The Chairman of the Swedish parliament's Foreign Policy Commission said in 2008 that Iran has a right to civilian nuclear technology. He also supported diplomatic means to find a solution to the issue that acceptable to both sides. In 2007, Christofer Gyllenstierna, Swedish Ambassador to Iran, claimed that, because traders and businessmen ultimately make investment decisions in Sweden, economic sanctions will not affect Sweden's trade with Iran. In February 2009, Greece, Cyprus, Spain, Austria and Sweden opposed a list of additional stricter sanctions proposed by the EU3 against the Islamic Republic.
In July 2009, Swedish Foreign Minister Carl Bildt insisted that dialogue is the only solution to the Iranian nuclear situation, saying that the European parliament faced difficult choices when world powers restarted talks with Tehran to halt Iranian uranium enrichment in exchange for political and economic incentives.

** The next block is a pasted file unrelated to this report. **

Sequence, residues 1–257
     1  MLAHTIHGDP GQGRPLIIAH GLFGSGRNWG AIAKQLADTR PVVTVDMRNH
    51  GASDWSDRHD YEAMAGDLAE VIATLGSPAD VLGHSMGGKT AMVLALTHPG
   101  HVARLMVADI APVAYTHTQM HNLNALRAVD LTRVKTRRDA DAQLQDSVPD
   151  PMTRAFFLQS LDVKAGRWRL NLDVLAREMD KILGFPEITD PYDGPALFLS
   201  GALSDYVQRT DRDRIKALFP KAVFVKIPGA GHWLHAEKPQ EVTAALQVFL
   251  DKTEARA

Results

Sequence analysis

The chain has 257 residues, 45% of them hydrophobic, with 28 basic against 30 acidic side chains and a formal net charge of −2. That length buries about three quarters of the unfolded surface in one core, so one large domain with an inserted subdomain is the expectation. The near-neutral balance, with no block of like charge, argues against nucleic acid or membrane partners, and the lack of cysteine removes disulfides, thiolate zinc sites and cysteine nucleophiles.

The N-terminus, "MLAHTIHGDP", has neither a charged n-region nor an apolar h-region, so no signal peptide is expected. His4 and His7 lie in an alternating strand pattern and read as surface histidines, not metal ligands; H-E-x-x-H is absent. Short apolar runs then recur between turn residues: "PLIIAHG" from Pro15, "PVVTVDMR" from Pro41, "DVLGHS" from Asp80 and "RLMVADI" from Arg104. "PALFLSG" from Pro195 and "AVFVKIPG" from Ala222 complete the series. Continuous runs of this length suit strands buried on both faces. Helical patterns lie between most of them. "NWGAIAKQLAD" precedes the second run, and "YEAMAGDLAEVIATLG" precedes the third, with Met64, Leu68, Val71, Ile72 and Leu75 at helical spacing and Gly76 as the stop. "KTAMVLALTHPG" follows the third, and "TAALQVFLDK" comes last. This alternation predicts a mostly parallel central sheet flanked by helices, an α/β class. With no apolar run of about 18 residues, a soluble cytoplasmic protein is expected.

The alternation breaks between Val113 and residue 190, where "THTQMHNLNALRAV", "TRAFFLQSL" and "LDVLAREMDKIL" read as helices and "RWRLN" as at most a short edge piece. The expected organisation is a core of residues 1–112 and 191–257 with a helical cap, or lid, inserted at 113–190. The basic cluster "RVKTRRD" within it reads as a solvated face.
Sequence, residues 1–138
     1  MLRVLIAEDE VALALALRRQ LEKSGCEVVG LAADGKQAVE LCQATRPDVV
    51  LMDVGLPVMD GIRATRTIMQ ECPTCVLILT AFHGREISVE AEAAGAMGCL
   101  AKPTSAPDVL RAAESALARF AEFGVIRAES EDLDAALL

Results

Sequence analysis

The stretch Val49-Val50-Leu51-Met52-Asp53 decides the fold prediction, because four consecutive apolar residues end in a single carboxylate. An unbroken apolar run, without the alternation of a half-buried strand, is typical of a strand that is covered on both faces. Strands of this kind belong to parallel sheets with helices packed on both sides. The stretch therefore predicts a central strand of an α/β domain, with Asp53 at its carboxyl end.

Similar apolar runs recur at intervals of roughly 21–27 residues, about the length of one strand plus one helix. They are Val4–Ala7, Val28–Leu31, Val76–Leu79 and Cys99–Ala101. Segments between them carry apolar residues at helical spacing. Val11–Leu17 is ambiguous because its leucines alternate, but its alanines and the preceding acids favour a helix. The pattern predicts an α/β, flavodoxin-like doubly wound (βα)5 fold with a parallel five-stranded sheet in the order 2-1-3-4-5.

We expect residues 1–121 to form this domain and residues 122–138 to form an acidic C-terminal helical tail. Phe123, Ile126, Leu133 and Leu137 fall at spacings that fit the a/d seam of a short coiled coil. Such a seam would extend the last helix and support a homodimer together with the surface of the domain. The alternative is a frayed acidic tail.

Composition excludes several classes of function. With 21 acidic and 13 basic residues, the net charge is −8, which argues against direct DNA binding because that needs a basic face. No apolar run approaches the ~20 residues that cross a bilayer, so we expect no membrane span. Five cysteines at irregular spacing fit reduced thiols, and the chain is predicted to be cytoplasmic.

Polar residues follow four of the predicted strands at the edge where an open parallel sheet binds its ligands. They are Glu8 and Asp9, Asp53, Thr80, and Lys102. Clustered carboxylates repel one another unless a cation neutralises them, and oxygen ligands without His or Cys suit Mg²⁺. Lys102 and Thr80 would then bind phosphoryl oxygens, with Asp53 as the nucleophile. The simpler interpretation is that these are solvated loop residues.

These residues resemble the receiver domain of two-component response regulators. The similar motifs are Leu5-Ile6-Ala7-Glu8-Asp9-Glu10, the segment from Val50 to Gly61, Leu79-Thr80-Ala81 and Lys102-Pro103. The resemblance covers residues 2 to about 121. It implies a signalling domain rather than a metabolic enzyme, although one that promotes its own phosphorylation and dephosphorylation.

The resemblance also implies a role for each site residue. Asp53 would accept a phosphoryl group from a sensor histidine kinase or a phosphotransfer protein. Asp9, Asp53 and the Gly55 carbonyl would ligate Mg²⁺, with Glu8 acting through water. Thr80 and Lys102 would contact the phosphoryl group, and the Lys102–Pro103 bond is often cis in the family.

Christofer Gyllenstierna, Sweden's Ambassador to Iran, said at a symposium in Tehran in 2007 that Sweden has potential markets in Iran. He also said that Iran's capabilities and possibilities have attracted the attention of Swedish businesses. He claimed Sweden planned on increasing mutual trade cooperation with Iran. In 2003, Sweden and Iran signed a Memorandum of Understand (MoU), in which Sweden recommended Iran be given membership in the World Trade Organization (WTO) and, in turn, Sweden would implement industrial, mining, and telecommunication projects inside Iran. Since the UN Security Council and the European Union began imposing stricter sanctions, however, Swedish–Iranian bilateral trade has declined. Bilateral trade between the two reached only $500 million in 2007. However Swedish companies such as Stockholm Chartering AB have been reported to have found innovative means to skirt EU sanctions on Iran.